by David Kulma
The Cleveland Orchestra is joined by dozens of international soloists each year, but it’s always a wonderful experience to hear a member of the Orchestra step forward into the spotlight. On Saturday, August 10 at Blossom Music Center with guest conductor Asher Fisch, associate concertmaster Jung-Min Amy Lee showed off her amazing skill and musicality in Samuel Barber’s Violin Concerto in a program that also included works by Liszt and Brahms.
As the originator of the genre of the symphonic poem, Franz Liszt essayed twelve such works exploring different programmatic ideas. Those range from clear musical storylines to more abstract relationships that seem to follow Beethoven’s description of his own “Pastoral” Symphony: “more an expression of feeling than painting.” Liszt’s new genre later inspired works by Smetana, Dvořák, Tchaikovsky, Strauss, and Sibelius, but his own symphonic poems are hit-or-miss.
Fisch brought Liszt’s sixth symphonic poem to Blossom, an orchestrated and expanded version of his earlier piano work, Mazeppa. Meant to follow the title character’s hellish horseback ride through his moral awakening to success as a military leader, it starts in medias res and proceeds through angry squeals of diminished chords and devilish trombone proclamations to end with a celebratory triumphal march. Fisch and the Orchestra brought ample clarity and directness to this bombastic piece, whose melodies and orchestration are memorable. But the composer really never knew when he had overstayed his welcome, even in symphonic works that last only fifteen minutes.
Barber’s Violin Concerto, written in 1939, is probably the most recent entry in the genre to enter the standard repertoire, and there is no question why it did: the solo part is both electrifying and fiendishly difficult, but his infectious melodies are ones to savor. Lee brought real command to this work, playing with a wonderfully sonorous tone in all registers and giving each note its due. To top it off, her precise playing in the breathless finale was stunning, and Fisch and the Orchestra accompanied her beautifully. The dissonant climaxes were pungent, while Barber’s gorgeous tunes were sumptuous or perky as the moment demanded. Oboist Frank Rosenwein’s take on the major solo that opens the second movement showed his finely honed ability to bring out fascinating colors and subtleties of phrasing.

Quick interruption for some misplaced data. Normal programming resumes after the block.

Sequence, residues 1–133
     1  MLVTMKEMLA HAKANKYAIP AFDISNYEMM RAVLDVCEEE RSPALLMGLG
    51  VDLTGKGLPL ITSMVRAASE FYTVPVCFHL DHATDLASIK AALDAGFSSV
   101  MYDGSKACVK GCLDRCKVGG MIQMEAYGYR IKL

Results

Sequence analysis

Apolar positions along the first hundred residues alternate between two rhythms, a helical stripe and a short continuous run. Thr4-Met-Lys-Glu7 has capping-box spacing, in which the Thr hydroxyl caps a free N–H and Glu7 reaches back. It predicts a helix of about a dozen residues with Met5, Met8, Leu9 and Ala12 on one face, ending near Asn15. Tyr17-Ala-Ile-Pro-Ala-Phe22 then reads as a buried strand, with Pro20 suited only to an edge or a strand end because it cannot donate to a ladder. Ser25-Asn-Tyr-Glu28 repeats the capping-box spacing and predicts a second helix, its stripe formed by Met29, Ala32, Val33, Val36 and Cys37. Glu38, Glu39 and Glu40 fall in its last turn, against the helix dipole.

Saturday’s performance of Brahms’s Symphony No. 1 was special. Fisch is a real Brahms conductor, and the Orchestra knows its Brahms better than almost anything. Fisch began by bringing out the molassessy moodiness of the famous Un poco sostenuto opening. This pointed forward to the rest of the work, as he wonderfully sculpted the plangent slow movement and gave the intermezzo a pleasantly sleek run. The finale was powerful with its exciting tempo, especially in the coda. Especially notable were the regal solos by new principal horn Nathaniel Silberschlag, making his first appearance with the Orchestra.
Published on ClevelandClassical.com August 20, 2019.
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